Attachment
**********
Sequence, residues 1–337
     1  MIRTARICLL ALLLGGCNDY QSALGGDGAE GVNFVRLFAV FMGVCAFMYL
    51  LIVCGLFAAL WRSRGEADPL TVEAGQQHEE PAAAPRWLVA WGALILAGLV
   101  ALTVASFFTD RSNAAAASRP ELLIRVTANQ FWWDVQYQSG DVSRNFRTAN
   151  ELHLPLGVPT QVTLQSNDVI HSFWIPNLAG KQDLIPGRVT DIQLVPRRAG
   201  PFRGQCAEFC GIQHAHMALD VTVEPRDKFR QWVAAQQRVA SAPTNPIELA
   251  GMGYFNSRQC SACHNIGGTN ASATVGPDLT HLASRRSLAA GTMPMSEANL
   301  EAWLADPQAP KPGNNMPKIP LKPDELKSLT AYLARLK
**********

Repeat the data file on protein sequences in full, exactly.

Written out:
Sequence, residues 1–337
     1  MIRTARICLL ALLLGGCNDY QSALGGDGAE GVNFVRLFAV FMGVCAFMYL
    51  LIVCGLFAAL WRSRGEADPL TVEAGQQHEE PAAAPRWLVA WGALILAGLV
   101  ALTVASFFTD RSNAAAASRP ELLIRVTANQ FWWDVQYQSG DVSRNFRTAN
   151  ELHLPLGVPT QVTLQSNDVI HSFWIPNLAG KQDLIPGRVT DIQLVPRRAG
   201  PFRGQCAEFC GIQHAHMALD VTVEPRDKFR QWVAAQQRVA SAPTNPIELA
   251  GMGYFNSRQC SACHNIGGTN ASATVGPDLT HLASRRSLAA GTMPMSEANL
   301  EAWLADPQAP KPGNNMPKIP LKPDELKSLT AYLARLK